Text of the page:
And when I looked to see where the Ancient British stories were kept alive in our drama and poetry and public consciousness all I really found were dusty tomes hidden in libraries.  We didn’t talk of Bel or Belinus the sun god, but of Apollo, nor of Taranis the god of thunder, but Thor.

That got me thinking about what had happened to our native wisdom because when I looked around I realised so much of what makes up our society is borrowed from another culture.  Christianity comes from a Hebrew base and yet what few people realise is that one of the reasons it was so easily accepted in these Isles is because the Druids taught a very similar story and saw the Jewish Messiah as being the embodiment of this.  Much of our New Age knowledge comes from an Eastern base – chakras for example.  And yet there is our own native understanding of our energy body, including the chakra system, which the Ancient Britons saw as being spiral rather than linear – but you have to dig deep to discover this.

The myths we are most aware of are Classical, Norse or Egyptian, our fairy stories are from Europe not home-grown.  It is easier to find a shaman pulling on South American, North American or Russian influences than one using our native shamanistic practices.

It is clear that as a culture we both respect and are open to the influence of other cultures, we are not the ‘little englanders’ some try to make us out to be.  And this can only be a good thing -but it is not inward-looking to cherish and respect your roots.  Roots are important in all sorts of ways.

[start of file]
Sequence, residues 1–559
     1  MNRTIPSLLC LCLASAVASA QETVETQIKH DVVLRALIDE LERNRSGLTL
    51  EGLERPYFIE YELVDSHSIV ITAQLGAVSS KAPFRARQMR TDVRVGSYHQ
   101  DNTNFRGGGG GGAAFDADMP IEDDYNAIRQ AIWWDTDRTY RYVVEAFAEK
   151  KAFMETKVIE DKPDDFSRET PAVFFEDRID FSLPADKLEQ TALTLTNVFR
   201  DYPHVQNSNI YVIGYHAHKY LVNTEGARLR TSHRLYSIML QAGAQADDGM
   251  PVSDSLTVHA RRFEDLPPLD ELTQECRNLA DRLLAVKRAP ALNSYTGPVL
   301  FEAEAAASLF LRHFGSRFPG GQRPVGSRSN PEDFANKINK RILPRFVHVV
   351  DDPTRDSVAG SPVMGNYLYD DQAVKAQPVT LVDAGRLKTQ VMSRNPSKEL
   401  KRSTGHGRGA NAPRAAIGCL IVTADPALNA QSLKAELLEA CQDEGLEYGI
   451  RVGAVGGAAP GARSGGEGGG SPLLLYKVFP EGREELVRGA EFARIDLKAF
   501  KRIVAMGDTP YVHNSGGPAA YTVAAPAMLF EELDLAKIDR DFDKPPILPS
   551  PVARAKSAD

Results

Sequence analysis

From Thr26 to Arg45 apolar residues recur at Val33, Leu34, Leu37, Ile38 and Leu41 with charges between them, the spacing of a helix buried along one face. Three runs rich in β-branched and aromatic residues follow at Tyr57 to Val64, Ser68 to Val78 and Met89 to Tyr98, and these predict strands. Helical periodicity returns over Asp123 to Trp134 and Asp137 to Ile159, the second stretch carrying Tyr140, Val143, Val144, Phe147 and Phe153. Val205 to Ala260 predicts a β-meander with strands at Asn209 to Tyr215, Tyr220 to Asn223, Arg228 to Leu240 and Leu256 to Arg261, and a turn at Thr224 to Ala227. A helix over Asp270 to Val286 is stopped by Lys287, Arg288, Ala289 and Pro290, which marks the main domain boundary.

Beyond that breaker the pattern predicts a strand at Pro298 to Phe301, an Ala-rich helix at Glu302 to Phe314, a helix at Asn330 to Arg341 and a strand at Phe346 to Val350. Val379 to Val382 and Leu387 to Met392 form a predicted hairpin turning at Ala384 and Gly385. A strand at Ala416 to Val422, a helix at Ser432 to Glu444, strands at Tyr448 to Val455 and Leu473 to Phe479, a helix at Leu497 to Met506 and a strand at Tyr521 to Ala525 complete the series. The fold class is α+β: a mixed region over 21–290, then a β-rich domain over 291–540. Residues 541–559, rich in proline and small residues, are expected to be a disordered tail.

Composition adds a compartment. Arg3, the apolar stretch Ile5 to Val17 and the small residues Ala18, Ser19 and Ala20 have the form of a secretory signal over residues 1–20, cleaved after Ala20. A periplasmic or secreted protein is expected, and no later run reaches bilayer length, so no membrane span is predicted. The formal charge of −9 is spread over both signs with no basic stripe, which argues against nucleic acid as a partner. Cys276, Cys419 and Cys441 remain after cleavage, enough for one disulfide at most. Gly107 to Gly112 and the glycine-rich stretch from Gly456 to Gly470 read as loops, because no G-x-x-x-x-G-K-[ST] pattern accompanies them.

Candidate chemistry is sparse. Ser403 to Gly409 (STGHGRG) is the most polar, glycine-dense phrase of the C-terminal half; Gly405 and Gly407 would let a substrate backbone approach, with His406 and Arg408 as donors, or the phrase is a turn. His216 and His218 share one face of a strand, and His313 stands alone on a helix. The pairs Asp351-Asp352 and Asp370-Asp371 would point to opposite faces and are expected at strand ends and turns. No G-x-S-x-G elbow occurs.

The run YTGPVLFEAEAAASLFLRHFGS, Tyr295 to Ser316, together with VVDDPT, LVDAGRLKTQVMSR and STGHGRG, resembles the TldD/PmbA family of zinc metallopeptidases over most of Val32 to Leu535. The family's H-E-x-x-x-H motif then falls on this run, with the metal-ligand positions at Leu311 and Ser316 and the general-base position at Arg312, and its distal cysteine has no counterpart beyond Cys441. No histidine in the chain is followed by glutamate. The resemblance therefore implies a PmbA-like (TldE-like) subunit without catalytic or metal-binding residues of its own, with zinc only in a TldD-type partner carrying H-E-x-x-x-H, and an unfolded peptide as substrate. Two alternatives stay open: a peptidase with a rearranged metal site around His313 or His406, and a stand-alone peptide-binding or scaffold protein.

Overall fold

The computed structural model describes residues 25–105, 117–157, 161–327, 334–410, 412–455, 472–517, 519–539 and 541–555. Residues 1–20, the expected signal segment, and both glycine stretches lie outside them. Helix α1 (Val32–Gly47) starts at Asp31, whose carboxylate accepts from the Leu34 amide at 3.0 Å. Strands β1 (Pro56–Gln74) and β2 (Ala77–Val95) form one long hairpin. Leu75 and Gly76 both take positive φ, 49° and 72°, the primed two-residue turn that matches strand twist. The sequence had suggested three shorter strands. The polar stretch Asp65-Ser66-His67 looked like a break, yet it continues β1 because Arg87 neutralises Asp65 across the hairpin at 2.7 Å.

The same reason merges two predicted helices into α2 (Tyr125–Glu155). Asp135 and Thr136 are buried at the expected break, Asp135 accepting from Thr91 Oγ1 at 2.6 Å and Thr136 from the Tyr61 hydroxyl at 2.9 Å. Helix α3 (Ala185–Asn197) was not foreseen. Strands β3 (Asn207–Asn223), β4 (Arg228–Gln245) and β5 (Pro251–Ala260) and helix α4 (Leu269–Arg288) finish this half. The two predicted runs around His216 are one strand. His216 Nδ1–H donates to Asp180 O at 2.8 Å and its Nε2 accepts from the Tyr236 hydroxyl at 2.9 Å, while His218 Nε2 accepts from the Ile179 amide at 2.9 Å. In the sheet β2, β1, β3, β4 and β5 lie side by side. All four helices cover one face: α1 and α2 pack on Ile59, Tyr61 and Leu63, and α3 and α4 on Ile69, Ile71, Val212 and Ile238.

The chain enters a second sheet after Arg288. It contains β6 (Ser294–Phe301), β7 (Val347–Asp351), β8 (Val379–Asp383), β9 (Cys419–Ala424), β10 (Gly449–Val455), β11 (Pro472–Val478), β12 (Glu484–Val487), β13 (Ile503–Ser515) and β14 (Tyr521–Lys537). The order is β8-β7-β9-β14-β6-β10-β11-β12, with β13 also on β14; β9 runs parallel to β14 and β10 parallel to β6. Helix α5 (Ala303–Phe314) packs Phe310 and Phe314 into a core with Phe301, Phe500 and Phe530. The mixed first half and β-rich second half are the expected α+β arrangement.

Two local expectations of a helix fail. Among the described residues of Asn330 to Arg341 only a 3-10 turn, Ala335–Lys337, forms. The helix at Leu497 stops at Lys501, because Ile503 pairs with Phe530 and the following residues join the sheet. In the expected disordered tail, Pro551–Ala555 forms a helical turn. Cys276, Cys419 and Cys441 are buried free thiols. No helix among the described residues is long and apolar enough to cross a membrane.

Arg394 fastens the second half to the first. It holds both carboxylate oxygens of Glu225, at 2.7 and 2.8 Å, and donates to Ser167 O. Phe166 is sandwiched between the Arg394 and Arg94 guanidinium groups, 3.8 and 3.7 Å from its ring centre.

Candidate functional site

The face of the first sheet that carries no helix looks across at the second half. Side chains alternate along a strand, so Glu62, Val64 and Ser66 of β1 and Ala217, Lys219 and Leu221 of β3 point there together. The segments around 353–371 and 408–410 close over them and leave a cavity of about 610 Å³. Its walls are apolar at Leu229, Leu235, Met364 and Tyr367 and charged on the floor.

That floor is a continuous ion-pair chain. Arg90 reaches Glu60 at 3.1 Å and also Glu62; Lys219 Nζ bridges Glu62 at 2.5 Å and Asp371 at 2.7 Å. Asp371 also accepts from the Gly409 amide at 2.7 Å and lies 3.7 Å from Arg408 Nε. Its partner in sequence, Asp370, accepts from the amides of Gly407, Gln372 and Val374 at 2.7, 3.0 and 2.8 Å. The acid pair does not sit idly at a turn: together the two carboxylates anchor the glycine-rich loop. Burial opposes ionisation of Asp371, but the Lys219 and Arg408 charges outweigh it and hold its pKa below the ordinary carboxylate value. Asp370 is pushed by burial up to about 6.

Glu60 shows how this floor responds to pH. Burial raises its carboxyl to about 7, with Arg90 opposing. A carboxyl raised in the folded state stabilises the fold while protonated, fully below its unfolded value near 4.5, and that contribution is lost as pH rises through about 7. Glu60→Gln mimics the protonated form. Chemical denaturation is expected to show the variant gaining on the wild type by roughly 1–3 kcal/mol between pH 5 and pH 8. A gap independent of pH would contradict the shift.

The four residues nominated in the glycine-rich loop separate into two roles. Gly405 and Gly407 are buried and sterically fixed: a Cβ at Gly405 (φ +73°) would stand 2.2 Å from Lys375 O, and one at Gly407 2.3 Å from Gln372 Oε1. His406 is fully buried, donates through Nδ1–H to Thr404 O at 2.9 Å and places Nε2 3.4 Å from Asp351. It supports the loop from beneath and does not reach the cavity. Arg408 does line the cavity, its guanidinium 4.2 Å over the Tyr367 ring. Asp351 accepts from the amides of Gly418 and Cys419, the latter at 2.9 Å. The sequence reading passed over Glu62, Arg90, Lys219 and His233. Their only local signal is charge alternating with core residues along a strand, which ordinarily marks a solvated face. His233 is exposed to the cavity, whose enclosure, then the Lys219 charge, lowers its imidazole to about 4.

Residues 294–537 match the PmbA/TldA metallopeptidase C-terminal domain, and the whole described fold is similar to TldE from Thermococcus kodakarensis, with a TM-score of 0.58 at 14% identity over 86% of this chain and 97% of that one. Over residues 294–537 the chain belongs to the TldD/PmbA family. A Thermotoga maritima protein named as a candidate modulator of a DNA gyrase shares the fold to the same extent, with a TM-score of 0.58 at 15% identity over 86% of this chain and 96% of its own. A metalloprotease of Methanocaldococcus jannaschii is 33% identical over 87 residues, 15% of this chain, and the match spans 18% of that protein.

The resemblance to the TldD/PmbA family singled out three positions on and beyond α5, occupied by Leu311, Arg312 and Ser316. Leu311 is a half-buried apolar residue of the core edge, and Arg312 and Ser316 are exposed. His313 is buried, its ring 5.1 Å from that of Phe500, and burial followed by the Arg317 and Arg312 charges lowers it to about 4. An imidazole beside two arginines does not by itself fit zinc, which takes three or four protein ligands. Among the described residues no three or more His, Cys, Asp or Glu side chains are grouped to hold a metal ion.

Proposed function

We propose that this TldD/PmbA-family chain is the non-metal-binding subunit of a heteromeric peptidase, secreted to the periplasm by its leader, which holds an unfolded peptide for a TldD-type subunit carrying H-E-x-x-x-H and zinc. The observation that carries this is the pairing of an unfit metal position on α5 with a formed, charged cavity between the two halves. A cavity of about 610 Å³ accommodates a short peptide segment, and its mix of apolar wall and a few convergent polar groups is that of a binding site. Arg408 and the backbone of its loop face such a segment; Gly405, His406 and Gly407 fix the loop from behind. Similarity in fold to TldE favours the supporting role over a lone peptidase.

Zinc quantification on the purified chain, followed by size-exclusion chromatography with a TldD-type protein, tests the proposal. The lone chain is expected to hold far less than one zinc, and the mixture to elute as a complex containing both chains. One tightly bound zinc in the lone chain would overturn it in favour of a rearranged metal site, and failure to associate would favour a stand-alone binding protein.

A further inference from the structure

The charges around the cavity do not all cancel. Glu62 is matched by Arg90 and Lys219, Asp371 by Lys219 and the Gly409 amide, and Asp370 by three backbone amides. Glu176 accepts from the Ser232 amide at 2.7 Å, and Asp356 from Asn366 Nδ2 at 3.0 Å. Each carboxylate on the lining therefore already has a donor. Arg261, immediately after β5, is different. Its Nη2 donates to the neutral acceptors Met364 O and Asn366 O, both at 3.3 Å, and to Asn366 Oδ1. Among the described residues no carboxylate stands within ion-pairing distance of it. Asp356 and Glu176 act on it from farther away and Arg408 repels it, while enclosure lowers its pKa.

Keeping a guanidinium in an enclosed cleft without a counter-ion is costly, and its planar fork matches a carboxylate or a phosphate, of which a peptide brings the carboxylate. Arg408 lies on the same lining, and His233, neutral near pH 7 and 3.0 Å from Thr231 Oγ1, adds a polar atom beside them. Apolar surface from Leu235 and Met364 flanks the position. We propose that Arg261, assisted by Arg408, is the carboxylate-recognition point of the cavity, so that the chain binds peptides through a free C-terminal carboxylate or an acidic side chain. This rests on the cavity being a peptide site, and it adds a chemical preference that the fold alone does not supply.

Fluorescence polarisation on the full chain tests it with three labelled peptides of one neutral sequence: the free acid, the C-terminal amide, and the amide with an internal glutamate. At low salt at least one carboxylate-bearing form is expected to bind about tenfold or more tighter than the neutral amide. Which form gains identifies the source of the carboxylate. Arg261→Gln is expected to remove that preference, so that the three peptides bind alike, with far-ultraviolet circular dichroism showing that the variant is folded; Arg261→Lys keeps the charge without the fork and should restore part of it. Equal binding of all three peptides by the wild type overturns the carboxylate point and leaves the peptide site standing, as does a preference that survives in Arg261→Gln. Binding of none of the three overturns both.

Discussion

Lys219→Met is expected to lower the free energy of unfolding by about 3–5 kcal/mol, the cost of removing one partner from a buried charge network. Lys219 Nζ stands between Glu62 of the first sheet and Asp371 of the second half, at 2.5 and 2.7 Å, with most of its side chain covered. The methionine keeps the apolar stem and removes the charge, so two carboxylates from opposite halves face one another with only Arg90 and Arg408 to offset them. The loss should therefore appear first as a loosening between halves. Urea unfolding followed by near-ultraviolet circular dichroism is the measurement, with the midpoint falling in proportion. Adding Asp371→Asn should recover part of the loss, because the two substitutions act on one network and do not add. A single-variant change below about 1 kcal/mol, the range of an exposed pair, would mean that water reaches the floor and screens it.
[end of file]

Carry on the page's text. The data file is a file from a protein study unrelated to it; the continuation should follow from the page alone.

We have suffered because these myths and stories of our ancient past and our land were a living tradition, passed down with great reverence from generation to generation and they only started to be written down as this tradition was lost with the advent of Christianity.  Most of what we have has been recorded by Christian monks who inevitably censored, judged, re-wrote or put their own overlay on them to suit their own sensibilities.

It is believed that our best and most original sources are Welsh – the ancient British were beaten back to Cornwall, Wales and Scotland by the invading Roman, Anglo Saxons and Norman – and yet it is said that only a fraction of what lies in these archives has been translated and is available to us.

Why do we not value our own stories, our own deep history in the same way we value that of later incomers?  It is said that the Romans made a deliberate and concerted effort to wipe out the druids, who were the holders of the Ancient British wisdom traditions, stories and culture.  They considered destroying this as being the fastest, most effective way to conquer a people.

And they were right.  Two thousand years later we are still borrowing from others to fill the void this opened up in our collective psyche.

And yet….start to dig into our ancient past, our ancient stories, and what you find is rich and complex and many textured;  A world where the goddesses are strong and independent and on the whole outshine the gods, a society where equality was the norm, where connectedness was integral, the sacred interwoven into everyday life.

If we are looking for role models for the New Age, the ancient past of these lands, the Blessed Isles, has much to offer us.

Saira Salmon